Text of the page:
As budget time looms for Indiana local governments, the Jefferson County Council is asking department heads to tighten proposed budgets for next year to help battle rising insurance rates and expenses.

For 2014, the council approved a motion Tuesday to request that departments decrease the annual proposed budget by 5 percent - compared with 2013 - and exclude raises.

That's not to say raises will not be considered, but the County Council said it is faced with mounting expenses - specifically in the public employees retirement fund - and health insurance increases. Once the budgets are submitted, the Council will review the requests and re-evaluate its finances.

"It might be a year that they don't get a raise," said councilmember Laura Boldery. "I don't like to talk that way, but those are the facts."

Council President Bill Hensler said the county is in a situation where it can do one of four things: Raise revenues, cut employees, cut benefits or cut expenses.

"I think the first thing you do is cut expenses," he said.

He added that having the each department trim its budget gives the Council a better idea of where to find additional savings.

"I think it will help us a lot and help them to participate," Hensler said.

The council will hold its budget hearings in September, but budget proposals are due July 1.

Also at the meeting, council member Larry Wynn volunteered to represent the County Council on an independent group of local officials that will be tasked with establishing an interlocal agreement for a county-wide economic development advisory group.

The board was created through a City Council resolution authored by Councilman Kevin Kellems.

The County Council did not entertain a motion to formally assign a representative to Mayor Damon Welch's JC-INVEST board, which was designed to include officials from the mayor's office, City Council, County Council, Board of Commissioners and town of Hanover, as well as private sector representatives.

Wynn said he was only willing to join an independent group of elected officials to "hammer out an interlocal agreement" but would not consider joining the mayor's board.

The council unanimously voted to assign Wynn to the independent group.

County resident Tami Hagemier reported that a group of residents has formed a committee to offer financial support to children living in poverty throughout the county and asked the County Council to contribute $5,000 toward an endowment.

She said the idea began while the group was discussing recent entrance fee hikes at Crystal Beach swimming pool. From there, residents formed a preliminary committee and began offering donations.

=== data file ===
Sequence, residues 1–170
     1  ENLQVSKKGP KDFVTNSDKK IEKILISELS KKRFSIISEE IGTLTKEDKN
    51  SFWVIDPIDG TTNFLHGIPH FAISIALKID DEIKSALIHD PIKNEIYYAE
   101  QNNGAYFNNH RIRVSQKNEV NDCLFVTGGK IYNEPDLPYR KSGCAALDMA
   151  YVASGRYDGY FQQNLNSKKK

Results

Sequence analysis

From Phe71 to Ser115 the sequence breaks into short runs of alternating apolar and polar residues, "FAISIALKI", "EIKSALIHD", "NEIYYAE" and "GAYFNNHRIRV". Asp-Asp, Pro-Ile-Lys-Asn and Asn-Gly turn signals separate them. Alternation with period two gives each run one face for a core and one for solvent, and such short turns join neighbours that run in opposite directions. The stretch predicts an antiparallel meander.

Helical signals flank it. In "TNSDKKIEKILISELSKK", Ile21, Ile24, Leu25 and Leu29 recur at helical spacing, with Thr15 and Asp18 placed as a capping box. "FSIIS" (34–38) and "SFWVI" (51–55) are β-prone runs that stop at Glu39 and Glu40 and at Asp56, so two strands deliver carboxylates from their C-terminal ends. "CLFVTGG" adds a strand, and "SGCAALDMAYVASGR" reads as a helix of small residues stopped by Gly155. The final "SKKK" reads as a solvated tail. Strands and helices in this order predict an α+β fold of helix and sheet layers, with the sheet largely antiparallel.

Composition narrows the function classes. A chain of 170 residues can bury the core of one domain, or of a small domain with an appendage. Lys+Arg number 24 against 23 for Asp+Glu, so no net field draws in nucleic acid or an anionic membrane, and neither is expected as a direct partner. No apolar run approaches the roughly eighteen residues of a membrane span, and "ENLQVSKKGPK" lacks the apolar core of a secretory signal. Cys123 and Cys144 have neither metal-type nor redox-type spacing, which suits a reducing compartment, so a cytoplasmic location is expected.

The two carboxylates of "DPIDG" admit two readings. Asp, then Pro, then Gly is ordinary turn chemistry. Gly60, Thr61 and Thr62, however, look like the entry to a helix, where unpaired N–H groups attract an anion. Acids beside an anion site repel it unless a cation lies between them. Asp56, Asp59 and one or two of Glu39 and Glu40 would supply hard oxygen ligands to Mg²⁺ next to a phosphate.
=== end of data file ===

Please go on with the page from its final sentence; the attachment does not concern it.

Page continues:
The group is working with the Community Foundation of Madison and Jefferson County to set up a self-sustaining fund.

In addition to the endowment, she asked the council to provide a representative to serve with the committee. Keith Gaffney volunteered as the County Council representative.

"We've really got great citizen input, but at this point, we feel obligated that if we're going to be asking for this amount of money that we need to be hearing from our elected officials," Hagemier said.

In other business:                                            

• Whitney Wyatt, director of Madison Main Street Program, asked the county to contribute $15,000 toward the program's budget next year.

This year, the program lost its state bridge mitigation funding, but the city of Madison did award $27,000.

In the past year, Wyatt said the program has worked to further develop downtown by implementing ShopMainStreet.com - which gives web visitors a virtual tour of local participating stores - and expanding on events like Fourth Friday and Music in the Park. Wyatt said the Main Street Program also is looking to raise donations during those events.

"We want to raise at least $20,000 a year," she said of the programs.

• The county will hold a tax abatement hearing for Century Tube. The company was granted tax abatements in 2004 and again in 2009.

This year, the company reported that it has increased its employee numbers by 23 since 2009. The county will hold a hearing to further discuss the tax abatement with Century Tube.

"This is to be not perceived as something negative," Wynn said, adding that it is a matter of "due diligence" by the county.

• The county approved up to $1,000 to repair a printer in the surveyor's office. The printer in need of repairs is commonly used by the government departments seeking large aerial photos and other documents.

• The County Council denied a request by Clerk Karen Mannix to hire a summer intern. The clerk's office is down one employee and was looking to hire a temporary intern to fill the void over the summer.  Wynn, who voted against the motion, said he would like to see the clerk's office hire a full-time employee rather than hire and spending time to train a temporary person.

The motion was denied 2-4, with Kevin Britt and Keith Gaffney being the two supporting votes. Joe Craig was absent.